Acoustic sound diffusion keeps sound waves from grouping, so there are no hot spots or nulls in a room. In fact, sound diffusion greatly widens the "sweet spot" and lends a strong, 3D sense of openness to a room, making it easier to hear "into" a mix. Diffusion obliterates standing waves and flutter echoes without simply removing acoustic energy from the space or greatly changing the frequency content of the sound. Some famous recording artists like to perform in strongly diffusive environments because of the openness they hear. Acoustic sound diffusion can make a small space seem large and a large space seem even larger.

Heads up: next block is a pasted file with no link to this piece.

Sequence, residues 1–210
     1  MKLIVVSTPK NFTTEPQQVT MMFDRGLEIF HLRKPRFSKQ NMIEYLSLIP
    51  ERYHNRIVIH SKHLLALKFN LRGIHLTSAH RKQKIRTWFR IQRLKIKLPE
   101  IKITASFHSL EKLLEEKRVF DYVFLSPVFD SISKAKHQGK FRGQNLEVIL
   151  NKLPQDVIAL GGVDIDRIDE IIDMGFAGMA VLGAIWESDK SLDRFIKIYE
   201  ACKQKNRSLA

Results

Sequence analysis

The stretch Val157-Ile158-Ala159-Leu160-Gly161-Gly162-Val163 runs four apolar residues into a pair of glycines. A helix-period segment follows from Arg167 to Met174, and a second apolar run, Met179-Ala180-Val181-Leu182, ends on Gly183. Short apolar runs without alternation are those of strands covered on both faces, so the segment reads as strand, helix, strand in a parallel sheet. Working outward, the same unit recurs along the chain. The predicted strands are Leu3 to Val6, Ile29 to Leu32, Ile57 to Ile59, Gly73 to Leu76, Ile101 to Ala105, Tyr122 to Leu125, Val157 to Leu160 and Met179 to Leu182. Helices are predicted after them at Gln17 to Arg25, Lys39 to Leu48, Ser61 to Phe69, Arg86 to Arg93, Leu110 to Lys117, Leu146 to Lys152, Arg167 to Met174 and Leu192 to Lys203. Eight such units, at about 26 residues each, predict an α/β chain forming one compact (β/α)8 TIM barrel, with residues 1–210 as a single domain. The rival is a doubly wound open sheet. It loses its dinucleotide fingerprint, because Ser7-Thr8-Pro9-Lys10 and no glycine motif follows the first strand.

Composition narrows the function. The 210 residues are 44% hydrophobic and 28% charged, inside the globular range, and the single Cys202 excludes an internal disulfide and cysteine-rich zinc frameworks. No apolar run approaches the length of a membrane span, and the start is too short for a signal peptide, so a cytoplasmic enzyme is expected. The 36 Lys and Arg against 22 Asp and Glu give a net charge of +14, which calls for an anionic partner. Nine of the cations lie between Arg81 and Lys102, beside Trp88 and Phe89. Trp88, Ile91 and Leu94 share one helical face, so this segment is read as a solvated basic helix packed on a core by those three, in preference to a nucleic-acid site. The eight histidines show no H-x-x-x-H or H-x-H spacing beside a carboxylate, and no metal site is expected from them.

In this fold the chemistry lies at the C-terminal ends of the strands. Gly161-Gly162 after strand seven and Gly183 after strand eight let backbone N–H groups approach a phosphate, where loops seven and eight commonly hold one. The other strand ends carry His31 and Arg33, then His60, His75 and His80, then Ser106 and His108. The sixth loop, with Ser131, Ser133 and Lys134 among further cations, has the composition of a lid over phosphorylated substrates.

Sound diffusion in a control room imparts the all-important Initial Time Delay (ITD) that keeps early reflections off room boundaries from getting to your ears too soon and smearing the direct sound you hear from your monitors. In conjunction with sound absorption, sound diffusion can effectively turn virtually any space into one that is appropriate and useful for the purpose of recording or monitoring sound with a high degree of accuracy.